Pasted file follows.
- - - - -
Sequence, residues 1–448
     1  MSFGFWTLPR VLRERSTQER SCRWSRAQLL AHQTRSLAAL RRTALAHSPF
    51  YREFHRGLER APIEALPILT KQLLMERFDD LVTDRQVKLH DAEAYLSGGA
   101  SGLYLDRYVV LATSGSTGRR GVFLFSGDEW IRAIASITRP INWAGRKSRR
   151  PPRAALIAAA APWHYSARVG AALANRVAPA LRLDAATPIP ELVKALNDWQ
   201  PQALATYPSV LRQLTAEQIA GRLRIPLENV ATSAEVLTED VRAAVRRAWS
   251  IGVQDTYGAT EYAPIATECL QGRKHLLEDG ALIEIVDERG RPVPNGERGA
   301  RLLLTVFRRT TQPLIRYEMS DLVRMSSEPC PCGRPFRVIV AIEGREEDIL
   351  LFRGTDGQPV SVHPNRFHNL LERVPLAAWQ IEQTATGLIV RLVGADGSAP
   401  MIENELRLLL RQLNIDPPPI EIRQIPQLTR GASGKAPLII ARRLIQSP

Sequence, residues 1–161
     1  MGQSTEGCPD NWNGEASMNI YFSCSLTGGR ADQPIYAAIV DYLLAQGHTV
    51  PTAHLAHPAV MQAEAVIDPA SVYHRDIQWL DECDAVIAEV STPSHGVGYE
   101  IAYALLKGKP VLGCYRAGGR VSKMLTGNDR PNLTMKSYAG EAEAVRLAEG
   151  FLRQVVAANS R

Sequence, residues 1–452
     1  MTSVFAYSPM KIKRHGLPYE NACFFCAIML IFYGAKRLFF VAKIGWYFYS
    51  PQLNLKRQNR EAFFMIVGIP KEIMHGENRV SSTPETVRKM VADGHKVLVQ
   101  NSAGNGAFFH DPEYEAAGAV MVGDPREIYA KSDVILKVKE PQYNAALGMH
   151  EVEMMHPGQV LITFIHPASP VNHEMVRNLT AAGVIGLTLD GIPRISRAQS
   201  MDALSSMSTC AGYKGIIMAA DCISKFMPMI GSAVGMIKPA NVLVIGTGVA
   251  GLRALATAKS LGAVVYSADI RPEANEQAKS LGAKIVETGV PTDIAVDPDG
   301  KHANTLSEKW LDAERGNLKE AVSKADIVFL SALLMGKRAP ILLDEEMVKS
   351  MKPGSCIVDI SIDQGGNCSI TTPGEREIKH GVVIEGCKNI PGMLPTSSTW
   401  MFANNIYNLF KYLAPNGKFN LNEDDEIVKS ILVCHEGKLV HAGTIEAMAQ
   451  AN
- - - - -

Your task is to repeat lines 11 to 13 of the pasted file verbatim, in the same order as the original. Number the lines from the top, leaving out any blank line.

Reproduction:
Sequence, residues 1–161
     1  MGQSTEGCPD NWNGEASMNI YFSCSLTGGR ADQPIYAAIV DYLLAQGHTV
    51  PTAHLAHPAV MQAEAVIDPA SVYHRDIQWL DECDAVIAEV STPSHGVGYE